What I think is important to note is that her depression is not solely brought on by being abandoned by the menfolk (after all, Malcolm is writing to her and always intended to return) but due to her newfound lack of faith. Vanessa's Catholicism has been the foundation of her life for so long that a gaping hole is left in its wake, though it's not entirely clear whether Vanessa has stopped believing in the existence of God or no longer thinks He has anything to offer her.
It's probably the latter since she knows that vampires, witches and devils are very real (thereby requiring a heavenly counterpart) which means her lethargy is not brought on by a sense of grief or loss or existential crisis, but from losing huge part of her identity. Despite her declaration to Lucifer last season: "I know what I am," it's clear from this episode that she really has no idea who or what she is – not without the diabolical mayhem that's always surrounded her.
And so what we see here is Vanessa taking baby steps towards self-classification. She finds an old friend and makes a new one. She turns away from the wolf at the museum, but warms at the sight of the scorpions, which have always been a symbol of her selfhood. She cleans up the house and writes to Sir Malcolm. Her soul is gone yet she remains, as do the stars in the sky. As Ferdinand told her: "life, for all its anguish, is ours – it belongs to no other."
It all ends on a surprisingly hopeful note.
Meanwhile, across the other side of the world, a handcuffed Ethan is being shipped home again under the watchful eye of armed lawmen and Inspector Rusk. It's all so foreign that it took me a few seconds to figure out what I was looking at in this shot:
It's a bird's eye view of train tracks across the desert.
But amidst all the American trappings (guns, hats, accents) is a single solitary female. And it's Hecate!
After finding her a tad lacklustre over the course of season two, I was surprised by how happy I was to see her. Perhaps it's because the actress is now out of Helen McCrory's shadow, which gives the character a chance to pursue her own agenda.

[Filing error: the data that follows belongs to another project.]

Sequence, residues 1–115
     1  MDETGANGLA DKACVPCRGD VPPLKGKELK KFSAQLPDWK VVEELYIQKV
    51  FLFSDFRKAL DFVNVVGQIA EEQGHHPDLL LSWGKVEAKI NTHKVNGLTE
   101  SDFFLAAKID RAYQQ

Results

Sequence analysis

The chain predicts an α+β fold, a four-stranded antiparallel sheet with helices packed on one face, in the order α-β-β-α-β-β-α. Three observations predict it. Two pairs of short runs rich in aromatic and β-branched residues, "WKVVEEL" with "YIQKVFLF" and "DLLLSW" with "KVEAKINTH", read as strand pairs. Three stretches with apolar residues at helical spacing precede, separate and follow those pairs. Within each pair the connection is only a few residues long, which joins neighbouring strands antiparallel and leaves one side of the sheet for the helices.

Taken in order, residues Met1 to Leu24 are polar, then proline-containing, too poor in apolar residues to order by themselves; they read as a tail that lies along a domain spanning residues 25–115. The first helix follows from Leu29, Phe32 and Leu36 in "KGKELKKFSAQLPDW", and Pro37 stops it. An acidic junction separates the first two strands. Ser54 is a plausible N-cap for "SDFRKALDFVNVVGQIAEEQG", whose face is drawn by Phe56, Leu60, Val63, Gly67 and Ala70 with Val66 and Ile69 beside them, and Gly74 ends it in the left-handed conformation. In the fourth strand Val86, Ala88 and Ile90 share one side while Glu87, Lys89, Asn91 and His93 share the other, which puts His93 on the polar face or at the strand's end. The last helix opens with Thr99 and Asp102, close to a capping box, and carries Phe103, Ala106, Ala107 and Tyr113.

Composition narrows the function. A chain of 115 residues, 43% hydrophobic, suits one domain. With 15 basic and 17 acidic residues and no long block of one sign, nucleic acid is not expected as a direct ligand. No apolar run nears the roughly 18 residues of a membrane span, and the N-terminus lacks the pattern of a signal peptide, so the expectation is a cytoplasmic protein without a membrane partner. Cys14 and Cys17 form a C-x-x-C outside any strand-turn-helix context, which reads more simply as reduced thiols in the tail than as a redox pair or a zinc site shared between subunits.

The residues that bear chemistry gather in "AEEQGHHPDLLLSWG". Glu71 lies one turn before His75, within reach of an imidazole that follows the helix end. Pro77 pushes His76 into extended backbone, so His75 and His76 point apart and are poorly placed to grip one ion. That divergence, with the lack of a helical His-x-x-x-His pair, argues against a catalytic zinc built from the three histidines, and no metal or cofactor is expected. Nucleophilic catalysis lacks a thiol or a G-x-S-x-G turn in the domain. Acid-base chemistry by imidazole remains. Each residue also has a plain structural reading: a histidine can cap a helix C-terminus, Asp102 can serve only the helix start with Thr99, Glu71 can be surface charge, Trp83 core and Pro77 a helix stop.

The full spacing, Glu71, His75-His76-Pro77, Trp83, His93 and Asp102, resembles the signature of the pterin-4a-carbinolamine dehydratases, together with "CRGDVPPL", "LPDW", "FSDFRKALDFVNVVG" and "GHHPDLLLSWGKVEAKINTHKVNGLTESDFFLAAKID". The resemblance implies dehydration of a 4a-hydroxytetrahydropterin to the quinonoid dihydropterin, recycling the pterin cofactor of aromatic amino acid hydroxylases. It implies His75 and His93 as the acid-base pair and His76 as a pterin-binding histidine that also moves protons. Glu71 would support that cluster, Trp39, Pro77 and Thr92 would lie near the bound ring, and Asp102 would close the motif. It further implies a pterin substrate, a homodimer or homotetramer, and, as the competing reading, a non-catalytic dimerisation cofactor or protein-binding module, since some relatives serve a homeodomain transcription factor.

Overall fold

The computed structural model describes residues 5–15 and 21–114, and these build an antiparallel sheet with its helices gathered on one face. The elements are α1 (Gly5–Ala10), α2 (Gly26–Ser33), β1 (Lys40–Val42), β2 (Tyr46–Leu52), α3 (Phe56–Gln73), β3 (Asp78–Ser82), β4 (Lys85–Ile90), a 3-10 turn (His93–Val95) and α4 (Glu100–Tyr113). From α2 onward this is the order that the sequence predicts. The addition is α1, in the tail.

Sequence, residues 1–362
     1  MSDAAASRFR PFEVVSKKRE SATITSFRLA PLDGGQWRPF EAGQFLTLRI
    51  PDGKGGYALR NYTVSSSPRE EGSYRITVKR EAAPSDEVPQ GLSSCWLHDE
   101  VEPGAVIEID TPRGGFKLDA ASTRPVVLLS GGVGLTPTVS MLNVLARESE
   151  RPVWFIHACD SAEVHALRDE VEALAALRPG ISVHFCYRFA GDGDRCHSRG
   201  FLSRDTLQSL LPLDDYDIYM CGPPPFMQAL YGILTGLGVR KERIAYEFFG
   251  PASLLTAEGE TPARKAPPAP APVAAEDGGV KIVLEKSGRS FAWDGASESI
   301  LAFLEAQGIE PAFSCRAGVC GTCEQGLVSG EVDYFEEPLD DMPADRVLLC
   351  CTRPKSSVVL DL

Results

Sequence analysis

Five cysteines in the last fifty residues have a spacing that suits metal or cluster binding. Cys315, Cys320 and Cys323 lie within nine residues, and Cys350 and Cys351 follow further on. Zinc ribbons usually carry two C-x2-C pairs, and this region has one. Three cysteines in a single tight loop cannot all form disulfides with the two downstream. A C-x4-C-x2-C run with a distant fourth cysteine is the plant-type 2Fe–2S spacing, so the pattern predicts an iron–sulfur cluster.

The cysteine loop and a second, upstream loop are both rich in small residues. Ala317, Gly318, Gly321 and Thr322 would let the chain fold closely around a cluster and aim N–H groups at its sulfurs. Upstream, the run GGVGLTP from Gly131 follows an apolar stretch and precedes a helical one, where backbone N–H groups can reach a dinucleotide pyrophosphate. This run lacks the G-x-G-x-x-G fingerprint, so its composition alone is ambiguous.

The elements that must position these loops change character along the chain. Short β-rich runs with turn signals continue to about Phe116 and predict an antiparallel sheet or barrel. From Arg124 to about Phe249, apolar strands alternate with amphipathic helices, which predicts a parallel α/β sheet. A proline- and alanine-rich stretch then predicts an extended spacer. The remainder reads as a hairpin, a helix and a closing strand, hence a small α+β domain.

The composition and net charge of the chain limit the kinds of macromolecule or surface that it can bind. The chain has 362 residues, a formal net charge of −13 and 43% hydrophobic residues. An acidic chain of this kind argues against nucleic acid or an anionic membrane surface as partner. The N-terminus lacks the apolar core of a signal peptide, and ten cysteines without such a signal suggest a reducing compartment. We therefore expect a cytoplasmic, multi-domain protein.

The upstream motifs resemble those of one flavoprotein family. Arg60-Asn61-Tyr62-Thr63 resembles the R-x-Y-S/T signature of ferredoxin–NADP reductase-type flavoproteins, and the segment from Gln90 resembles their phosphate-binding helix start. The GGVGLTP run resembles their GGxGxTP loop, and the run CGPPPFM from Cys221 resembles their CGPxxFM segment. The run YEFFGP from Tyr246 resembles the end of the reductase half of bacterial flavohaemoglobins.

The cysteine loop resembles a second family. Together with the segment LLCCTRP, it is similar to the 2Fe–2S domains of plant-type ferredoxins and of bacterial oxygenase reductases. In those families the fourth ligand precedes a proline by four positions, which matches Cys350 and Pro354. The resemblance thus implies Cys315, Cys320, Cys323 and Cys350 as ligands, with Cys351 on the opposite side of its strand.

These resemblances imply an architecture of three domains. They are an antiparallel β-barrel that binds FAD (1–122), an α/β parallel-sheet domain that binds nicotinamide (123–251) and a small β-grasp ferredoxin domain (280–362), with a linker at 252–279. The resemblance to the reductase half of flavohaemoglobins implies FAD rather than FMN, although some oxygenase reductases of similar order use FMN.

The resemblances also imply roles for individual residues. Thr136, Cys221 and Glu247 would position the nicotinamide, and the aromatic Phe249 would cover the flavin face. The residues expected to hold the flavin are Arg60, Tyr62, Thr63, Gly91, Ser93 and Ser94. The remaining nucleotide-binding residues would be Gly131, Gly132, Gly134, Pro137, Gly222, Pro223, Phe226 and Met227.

It's clearly got something to do with Ethan, and she pulls off a sterling impersonation of a quivering damsel when a group of men gun down Ethan's guards and make off with him on horseback. In fact she seemed oddly pleased about it – could she have known it was coming? Inspector Rusk survives the bloodbath, and Ethan is surprised as the audience is to learn his father is responsible.
Which is to say, not at all.
How you know you're in America.
Pretty straightforward stuff (at least until we meet Daddy Talbot) but as it happens, Ethan's storyline is just as present in Africa as it is in America...
Which is where Malcolm has finished burying the completely-wasted-and-I'm-still-rather-bitter-about-it Sembene and taken to drowning his sorrows in drink, telling Vanessa via correspondence that Africa has lost its romance due to the ongoing slave trade; calling it "tainted" and "filthy".
Gimme a break, it was made very clear in season one that Malcolm was not only indifferent to slavery, but also a rapist of the native women. Let's not whitewash him now, not when the whole point of the show is that its main characters are complete monsters.
But that's what appears to be the case as Malcolm stops to give money to a beggar woman – one who promptly turns a gun on him, and who is promptly killed herself. Nothing like throwing a large knife into a woman's face for a Character Establishing Moment, and this one belongs to Wes Studi's Kaetenay, surprising us all when he turns up in Malcolm's subplot instead of Ethan's. No one saw that coming when the casting was announced!
Naturally though he's linked to Ethan, and has in fact come all the way to Africa to enlist Malcolm in his rescue attempt. According to him, Malcolm can't die until "you've served your purpose: to fight the great demons of earth and sky," and that "our son needs us."
It's the first of two pretty significant HoYay moments, though something tells me it won't be inspiring as much fanfiction as...
Our first glimpse of Doctor Henry Jekyll, Race Lifted to an Indian youth who is remarkably calm when subjected to racist abuse on the street. He's pretty much a case of Remember The New Guy, as when he knocks on Victor Frankenstein's door it transpires that the two of them went to school together – now Victor has called upon his old friend to help him with his teeny-tiny problem of resurrecting corpses who have since turned into psychotic murderers. I'll admit, I laughed when Jekyll asked: "is it love or work?"
I initially thought Shazad Latif played Jekyll too expressionlessly, before it became clear his intense passivity was the result of a lifetime's worth of internalizing rage at the way he's been treated. He has a monologue about it and everything, leading me to wonder whether Mr Hyde has materialized yet. His talk about taming the beast within could as easily be foreshadowing as it is an oblique reference to his alter-ego, though – much like Lily's rage being directed at the men who abused her during Brona's lifetime – John Logan is on somewhat dangerous ground if he plans to use racial discrimination as the source of Mr Hyde's fury.